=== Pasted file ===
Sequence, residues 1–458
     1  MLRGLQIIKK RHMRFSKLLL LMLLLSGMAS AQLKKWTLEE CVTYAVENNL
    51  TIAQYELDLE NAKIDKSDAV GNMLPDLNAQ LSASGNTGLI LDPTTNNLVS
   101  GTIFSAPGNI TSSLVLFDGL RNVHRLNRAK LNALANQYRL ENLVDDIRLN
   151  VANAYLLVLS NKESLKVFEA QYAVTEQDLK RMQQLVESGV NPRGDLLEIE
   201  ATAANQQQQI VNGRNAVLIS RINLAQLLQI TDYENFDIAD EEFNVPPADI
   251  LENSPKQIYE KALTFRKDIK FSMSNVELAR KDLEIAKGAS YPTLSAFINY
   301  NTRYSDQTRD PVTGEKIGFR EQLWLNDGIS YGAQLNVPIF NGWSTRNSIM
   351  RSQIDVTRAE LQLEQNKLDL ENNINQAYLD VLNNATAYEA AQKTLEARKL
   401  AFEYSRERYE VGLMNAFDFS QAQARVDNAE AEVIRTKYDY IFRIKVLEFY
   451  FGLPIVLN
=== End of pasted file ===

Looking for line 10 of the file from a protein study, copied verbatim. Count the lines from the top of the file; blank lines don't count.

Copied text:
   401  AFEYSRERYE VGLMNAFDFS QAQARVDNAE AEVIRTKYDY IFRIKVLEFY